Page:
Subscribe / Unsubscribe Enewsletters | Login | Register

Pencil Banner

Why Skype still can't compete with iMessage (it's all about greed, grudges, and fear)

Brad Chacos | Aug. 23, 2013
Skype is now baked into Windows 8.1, Xbox One, and Outlook.com. But until Windows Phone gains momentum and the wireless carriers chill out, it will never become a mobile standby.

Back in April, I fanned some flames by suggesting that Microsoft needed an iMessage of its own—a free, baked-in messaging app that can serve as a communication hub across the far-flung Windows platforms, drawing in users from the mish-mash of communications services that exist today. Apple has iMessage. Google has Hangouts. Microsoft, I argued, should lean on Skype, which it bought in 2011.

Now it is.

Over the past weeks and months, Microsoft announced that native Skype integration is coming to Windows 8.1, the Outlook.com website, and, yes, even the Xbox One console. Microsoft websites will have Skype! Microsoft consoles will have Skype! Microsoft PCs and tablets will have Skype!

But there's a fly in this cross-device ointment. The one Microsoft platform that both needs native Skype integration the most and provides the best fit for native Skype integration doesn't bake in the service by default: namely, Windows Phone.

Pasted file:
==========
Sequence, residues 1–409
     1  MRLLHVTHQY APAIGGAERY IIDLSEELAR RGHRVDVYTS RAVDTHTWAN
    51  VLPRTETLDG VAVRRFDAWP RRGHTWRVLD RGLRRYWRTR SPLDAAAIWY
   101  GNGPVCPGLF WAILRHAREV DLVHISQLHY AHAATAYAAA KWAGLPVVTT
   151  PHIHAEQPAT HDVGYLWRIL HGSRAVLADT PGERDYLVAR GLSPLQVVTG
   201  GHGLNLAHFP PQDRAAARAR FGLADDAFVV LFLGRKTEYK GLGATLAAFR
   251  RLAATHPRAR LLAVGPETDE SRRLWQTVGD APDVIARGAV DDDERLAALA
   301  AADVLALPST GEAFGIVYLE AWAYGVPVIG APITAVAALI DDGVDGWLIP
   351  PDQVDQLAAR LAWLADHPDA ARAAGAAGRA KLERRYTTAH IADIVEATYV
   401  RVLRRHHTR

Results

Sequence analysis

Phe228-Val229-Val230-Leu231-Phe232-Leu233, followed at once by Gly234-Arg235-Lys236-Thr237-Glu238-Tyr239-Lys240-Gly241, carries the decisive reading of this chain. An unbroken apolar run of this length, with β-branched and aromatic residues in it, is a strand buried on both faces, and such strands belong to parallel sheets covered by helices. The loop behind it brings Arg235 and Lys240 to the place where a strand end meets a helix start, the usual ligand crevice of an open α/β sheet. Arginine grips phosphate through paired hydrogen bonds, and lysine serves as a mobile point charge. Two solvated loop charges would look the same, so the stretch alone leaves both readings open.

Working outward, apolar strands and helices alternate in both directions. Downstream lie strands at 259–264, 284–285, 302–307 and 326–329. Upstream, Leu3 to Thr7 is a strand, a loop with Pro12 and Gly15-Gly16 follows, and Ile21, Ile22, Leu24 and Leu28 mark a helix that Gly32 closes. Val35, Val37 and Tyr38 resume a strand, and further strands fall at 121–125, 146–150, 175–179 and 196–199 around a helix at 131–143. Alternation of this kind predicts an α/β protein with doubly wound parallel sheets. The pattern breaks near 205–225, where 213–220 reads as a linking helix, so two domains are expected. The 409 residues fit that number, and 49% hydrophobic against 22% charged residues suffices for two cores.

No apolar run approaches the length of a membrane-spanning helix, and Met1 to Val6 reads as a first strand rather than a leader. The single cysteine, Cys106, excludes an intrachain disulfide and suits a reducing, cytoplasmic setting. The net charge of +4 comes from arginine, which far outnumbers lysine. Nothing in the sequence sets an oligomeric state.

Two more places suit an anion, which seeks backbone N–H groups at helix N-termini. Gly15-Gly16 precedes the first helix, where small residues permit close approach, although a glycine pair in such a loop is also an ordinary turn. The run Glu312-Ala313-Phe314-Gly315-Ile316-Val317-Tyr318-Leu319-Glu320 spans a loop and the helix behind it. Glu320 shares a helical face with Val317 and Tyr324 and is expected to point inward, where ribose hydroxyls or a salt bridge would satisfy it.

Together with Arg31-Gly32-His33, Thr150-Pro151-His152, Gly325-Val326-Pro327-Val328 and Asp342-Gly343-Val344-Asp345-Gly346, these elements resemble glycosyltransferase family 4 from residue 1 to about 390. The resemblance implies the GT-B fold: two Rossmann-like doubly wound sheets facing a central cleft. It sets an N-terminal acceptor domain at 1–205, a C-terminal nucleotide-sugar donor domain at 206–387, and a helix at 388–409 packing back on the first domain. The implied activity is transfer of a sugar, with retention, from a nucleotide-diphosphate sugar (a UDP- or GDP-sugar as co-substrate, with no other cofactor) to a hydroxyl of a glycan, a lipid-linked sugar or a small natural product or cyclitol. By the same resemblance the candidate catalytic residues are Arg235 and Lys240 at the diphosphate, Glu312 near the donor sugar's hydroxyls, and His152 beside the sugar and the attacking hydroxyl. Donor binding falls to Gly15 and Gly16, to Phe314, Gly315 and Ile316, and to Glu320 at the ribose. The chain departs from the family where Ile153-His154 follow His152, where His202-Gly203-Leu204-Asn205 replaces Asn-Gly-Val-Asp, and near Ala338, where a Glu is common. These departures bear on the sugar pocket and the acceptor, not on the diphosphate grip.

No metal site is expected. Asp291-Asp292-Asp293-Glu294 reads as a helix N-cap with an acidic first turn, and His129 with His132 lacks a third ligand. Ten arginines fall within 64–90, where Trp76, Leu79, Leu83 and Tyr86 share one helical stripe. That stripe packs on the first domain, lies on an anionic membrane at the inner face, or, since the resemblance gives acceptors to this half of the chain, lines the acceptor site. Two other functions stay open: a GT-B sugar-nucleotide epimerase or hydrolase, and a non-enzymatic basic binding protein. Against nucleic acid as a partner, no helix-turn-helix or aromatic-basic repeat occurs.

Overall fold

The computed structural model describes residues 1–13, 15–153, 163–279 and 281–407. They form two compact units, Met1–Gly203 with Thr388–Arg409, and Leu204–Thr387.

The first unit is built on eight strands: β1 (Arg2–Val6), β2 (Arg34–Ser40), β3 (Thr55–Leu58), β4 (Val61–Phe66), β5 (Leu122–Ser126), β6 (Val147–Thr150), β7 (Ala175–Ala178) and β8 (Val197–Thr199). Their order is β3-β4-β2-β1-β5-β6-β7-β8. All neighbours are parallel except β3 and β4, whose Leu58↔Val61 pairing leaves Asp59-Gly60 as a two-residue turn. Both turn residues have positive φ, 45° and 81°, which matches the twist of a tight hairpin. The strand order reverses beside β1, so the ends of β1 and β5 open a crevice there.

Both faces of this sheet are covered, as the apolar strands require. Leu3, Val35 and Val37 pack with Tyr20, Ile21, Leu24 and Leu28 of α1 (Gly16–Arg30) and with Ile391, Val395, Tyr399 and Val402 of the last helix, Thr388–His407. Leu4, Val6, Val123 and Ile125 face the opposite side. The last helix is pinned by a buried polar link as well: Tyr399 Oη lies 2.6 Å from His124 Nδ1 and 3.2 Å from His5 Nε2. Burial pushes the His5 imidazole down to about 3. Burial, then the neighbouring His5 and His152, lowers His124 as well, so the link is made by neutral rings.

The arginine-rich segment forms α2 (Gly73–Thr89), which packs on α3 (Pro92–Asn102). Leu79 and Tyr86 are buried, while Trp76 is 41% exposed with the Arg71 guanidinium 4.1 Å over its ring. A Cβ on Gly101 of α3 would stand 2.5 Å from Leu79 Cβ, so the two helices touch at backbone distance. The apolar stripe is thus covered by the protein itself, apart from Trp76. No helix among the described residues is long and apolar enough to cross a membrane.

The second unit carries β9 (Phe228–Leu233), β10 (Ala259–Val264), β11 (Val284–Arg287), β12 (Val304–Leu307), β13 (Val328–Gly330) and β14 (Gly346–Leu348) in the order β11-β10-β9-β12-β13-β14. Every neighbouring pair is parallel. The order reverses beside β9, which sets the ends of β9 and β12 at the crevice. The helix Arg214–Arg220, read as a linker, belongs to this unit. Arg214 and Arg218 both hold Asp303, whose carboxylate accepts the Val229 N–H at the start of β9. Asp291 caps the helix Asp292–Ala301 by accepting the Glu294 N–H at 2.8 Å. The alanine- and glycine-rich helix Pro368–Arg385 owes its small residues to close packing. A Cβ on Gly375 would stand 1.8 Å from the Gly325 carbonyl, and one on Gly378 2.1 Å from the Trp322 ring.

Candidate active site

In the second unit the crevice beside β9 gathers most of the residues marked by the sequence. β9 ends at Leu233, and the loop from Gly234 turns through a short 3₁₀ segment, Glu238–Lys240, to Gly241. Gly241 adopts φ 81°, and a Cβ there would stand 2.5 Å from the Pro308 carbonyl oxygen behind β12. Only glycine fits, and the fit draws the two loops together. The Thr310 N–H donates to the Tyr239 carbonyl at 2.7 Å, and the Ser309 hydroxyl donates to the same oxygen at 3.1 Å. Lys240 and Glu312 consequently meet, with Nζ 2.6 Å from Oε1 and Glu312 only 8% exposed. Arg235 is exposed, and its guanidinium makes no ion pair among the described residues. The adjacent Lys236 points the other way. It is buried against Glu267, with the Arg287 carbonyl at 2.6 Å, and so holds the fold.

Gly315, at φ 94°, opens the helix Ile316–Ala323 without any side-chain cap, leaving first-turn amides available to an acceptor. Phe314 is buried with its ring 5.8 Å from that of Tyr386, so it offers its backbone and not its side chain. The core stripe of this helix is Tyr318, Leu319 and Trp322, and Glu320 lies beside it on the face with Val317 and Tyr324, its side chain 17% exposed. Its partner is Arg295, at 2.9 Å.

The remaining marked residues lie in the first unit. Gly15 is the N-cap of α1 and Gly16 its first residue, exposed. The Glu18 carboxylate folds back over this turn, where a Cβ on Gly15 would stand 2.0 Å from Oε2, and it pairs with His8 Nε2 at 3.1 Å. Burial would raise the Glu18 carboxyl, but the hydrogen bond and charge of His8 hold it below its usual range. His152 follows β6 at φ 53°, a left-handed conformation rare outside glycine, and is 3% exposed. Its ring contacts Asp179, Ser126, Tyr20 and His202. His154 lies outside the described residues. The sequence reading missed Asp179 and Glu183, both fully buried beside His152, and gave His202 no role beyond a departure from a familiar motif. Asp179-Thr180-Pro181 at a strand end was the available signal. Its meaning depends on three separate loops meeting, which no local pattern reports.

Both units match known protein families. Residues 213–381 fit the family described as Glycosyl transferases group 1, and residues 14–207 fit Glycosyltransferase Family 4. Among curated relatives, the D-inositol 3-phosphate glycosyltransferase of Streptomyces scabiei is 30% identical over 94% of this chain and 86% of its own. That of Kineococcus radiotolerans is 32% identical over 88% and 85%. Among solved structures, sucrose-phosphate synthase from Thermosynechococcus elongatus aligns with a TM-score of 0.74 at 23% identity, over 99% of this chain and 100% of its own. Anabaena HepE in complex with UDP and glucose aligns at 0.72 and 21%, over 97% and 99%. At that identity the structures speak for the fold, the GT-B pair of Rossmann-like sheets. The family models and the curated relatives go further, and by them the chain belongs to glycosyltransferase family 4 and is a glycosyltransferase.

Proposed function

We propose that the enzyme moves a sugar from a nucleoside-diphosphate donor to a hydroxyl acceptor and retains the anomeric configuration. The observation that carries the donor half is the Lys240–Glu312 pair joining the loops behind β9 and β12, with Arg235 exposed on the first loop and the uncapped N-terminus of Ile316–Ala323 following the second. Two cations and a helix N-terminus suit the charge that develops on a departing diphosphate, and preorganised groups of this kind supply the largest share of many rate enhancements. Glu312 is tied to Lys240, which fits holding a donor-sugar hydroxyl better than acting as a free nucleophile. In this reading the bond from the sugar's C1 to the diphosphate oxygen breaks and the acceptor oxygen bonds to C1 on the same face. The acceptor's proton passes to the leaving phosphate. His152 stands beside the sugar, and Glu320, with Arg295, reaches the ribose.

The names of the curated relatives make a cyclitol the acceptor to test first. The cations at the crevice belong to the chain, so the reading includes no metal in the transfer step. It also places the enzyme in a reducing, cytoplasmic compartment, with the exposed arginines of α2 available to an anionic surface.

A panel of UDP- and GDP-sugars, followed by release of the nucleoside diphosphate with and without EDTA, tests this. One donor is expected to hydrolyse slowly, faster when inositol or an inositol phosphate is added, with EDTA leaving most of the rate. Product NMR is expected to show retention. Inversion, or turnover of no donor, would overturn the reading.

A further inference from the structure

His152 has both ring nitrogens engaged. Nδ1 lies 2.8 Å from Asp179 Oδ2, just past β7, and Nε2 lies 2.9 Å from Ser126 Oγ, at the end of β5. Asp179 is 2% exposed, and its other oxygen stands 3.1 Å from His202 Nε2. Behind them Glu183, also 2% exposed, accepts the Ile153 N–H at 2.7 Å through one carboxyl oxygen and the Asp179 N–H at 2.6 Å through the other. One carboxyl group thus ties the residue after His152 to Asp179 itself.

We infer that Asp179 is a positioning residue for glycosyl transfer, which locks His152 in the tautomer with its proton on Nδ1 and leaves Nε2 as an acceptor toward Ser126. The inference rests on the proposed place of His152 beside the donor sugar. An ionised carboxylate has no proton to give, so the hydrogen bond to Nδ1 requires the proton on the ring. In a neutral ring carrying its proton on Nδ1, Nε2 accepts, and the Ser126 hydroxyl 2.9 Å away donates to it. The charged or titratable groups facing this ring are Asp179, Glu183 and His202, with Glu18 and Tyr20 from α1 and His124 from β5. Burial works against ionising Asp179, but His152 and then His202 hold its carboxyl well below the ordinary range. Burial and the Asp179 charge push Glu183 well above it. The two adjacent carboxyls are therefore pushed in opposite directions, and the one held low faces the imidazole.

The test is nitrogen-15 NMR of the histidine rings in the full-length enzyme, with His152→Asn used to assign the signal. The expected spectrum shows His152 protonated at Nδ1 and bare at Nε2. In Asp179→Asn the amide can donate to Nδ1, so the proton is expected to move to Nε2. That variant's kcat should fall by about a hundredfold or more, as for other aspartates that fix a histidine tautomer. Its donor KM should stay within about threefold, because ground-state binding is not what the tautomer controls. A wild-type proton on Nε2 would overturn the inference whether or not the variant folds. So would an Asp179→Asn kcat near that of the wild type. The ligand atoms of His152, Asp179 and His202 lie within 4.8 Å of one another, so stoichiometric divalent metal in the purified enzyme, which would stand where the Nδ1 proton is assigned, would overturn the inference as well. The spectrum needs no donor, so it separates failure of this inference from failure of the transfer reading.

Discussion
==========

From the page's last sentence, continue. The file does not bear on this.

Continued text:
Yes, a Skype app is available for Microsoft's phone platform, but it's not installed on phones by default, as it is with PCs, tablets, and the Xbox. And it's all because of greed, grudges, and fear.

Why Windows Phone needs Skype
Even before the en masse rollout begins, Skype can already scratch almost any communications itch, and the service is an utter star on mobile devices. Its users can sling free instant messages and phone calls around to other Skypers, or even engage in totally gratis video chats.

Soon, all Windows 8, Outlook.com, and Xbox Live users will be able to tap into those killer features, and a native, front-and-center Skype app for Windows Phone could offer even more. The Windows Phone Skype app already sinks deep hooks into the system's People app; a native app could go even further. Like iMessage, a native Skype app could hook into your phone's text messaging and be configured to automatically use the service rather than SMS whenever possible. But why stop there? If Skype were baked into Windows Phone, it could do the same for voice calls.

That not only appeals to users—who doesn't like to save some scratch?—but a baked-in Skype app could be a boost to the struggling Windows Phone platform, too, as "free calls, video chats, and text messaging with all Windows and Xbox users" is a pretty impressive selling point.

Indeed, sowing Skype's seeds into Windows Phone would benefit Windows Phone users, Windows Phone itself, Skype, and pretty much everyone who uses any Microsoft service anywhere. And Microsoft knows it: The company's announcement of Skype integration for Windows 8.1 came as part of a heavy "One Microsoft, all the time" PR push, touting the ability of Microsoft's cloud to deliver must-have services across its entire range of devices.

 

1  2  Next Page 

Sign up for CIO Asia eNewsletters.